The Enduring Value of Arlington’s Endangered Monument to Reconciliation

The Confederate Memorial in Arlington.
(Arlington National Cemetery; photo by Rachel Larue)

by Donald Smith

Jim Webb, former U.S. Senator from Virginia, former Navy Secretary, and certified badass (Navy Cross, Silver Star and two Purple Hearts from his service as a Marine officer in Vietnam) grabbed quite a bit of attention last week.  On August 18 he called for the Confederate Memorial at Arlington Cemetery to be spared.  You can read his commentary here, if you have a Wall Street Journal subscription (or have some free articles left.)  Here’s a link to a no-paywall article on Webb’s piece.  Here’s a link to the most prominent criticism I’ve seen of Webb’s piece, from Civil War historian Kevin Levin. 

Webb’s commentary points out an important and, until now, mostly ignored repercussion of Congress’ blanket approval of the Naming Commission’s recommendations:  it diminishes our nation’s soft power.  That makes it harder for our military and diplomats to achieve our nation’s goals overseas without having to resort to coercion or violence.  Continue reading

Webb’s Last Ditch Attempt to Save the Confederate Memorial at Arlington

The Confederate Memorial in Arlington.
(Arlington National Cemetery photo by Rachel Larue)

by Shaun Kenney

Former Virginia Democratic U.S. Senator Jim Webb is begging federal officials to save the last remaining Confederate memorial at Arlington National Cemetery in a forceful op-ed to The Wall Street Journal. Webb writes:

[President William] McKinley understood the Civil War as one who had lived it, having served four years in the 23rd Ohio Infantry, enlisting as a private and discharged in 1865 as a brevet major. He knew the steps to take to bring the country fully together again. As an initial signal, he selected three Civil War veterans to command the Cuba campaign. Two, William Rufus Shafter, given overall command of the Cuban operation, and H.W. Lawton, who led the Second Infantry Division, the first soldiers to land in the war, had received the Medal of Honor fighting for the Union. The other, “Fighting Joe” Wheeler, the legendary Confederate cavalry general, led the cavalry units in Cuba, after being elected to Congress in 1880 from Alabama and working hard to bring national reconciliation.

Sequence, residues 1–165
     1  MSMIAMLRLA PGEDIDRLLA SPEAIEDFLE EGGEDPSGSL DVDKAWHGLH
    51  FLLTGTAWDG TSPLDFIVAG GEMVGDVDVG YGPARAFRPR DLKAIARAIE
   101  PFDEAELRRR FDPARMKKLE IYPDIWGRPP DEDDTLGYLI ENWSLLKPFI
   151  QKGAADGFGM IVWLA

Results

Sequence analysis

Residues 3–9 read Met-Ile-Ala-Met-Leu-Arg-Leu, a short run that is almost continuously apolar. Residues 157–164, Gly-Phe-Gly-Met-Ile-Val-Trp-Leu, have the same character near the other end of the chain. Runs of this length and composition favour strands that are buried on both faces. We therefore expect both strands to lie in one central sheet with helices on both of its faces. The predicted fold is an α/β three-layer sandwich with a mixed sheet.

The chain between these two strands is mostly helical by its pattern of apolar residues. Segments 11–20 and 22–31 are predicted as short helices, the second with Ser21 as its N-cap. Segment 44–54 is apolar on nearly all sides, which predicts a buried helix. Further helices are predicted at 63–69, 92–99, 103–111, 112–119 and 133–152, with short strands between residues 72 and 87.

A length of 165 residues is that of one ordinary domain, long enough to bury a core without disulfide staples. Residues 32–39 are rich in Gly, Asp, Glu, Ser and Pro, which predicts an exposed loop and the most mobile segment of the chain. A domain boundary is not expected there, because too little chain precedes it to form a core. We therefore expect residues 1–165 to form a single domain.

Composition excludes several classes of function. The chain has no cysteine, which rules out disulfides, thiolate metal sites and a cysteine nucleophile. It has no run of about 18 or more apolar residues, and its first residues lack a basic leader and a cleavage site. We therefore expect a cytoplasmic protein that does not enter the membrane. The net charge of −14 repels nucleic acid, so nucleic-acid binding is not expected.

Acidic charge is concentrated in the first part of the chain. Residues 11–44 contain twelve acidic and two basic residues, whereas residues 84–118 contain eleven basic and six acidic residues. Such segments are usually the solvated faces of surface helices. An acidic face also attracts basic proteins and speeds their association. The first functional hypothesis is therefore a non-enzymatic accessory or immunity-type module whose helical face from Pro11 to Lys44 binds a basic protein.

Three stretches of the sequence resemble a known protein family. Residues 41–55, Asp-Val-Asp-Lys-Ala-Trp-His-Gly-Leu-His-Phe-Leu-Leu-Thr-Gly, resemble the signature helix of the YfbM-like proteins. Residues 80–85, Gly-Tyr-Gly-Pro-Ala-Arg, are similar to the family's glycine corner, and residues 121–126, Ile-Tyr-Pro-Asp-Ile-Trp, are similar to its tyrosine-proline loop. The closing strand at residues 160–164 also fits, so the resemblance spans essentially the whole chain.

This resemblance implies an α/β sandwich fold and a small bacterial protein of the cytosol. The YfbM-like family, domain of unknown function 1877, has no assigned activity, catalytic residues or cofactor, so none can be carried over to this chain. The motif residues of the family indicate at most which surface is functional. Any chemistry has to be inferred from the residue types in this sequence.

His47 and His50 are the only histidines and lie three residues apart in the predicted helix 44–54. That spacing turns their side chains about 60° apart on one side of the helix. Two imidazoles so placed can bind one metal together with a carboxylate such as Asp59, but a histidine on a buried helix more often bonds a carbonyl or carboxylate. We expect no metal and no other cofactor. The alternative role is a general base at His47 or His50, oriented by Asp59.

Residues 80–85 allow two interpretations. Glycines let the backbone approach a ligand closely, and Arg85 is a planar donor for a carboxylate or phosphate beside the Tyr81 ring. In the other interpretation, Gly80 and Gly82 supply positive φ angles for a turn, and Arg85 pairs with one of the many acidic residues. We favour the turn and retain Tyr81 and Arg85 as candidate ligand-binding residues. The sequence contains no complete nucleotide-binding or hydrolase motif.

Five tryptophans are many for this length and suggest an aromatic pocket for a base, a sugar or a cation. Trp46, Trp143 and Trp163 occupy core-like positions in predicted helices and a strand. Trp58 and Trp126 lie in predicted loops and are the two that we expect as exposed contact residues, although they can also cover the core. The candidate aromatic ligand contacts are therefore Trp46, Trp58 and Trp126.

Four days after the Spanish-American war ended, McKinley proclaimed in Atlanta: “In the spirit of fraternity we should share with you in the care of the graves of Confederate soldiers.” In that call for national unity the Confederate Memorial was born. It was designed by internationally respected sculptor Moses Jacob Ezekiel, a Confederate veteran and the first Jewish graduate of the Virginia Military Institute, who asked to be buried at the memorial in Arlington National Cemetery. On one face of the memorial is the finest explanation of wartime service perhaps ever written, by a Confederate veteran who later became a Christian minister: “Not for fame or reward, not for place or for rank; not lured by ambition or goaded by necessity; but in simple obedience to duty as they understood it; these men suffered all, sacrificed all, dared all, and died.” Continue reading

Virginia Beach’s Bad Habit: Reckless Spending on Wasteful Projects

by Kerry Dougherty

Feckless leadership, wasteful spending and escalating taxes have plagued Virginia Beach for decades.

Despite new faces on city council, the game of spending tax dollars on insane projects that “will pay for themselves” continues.

But let’s back up.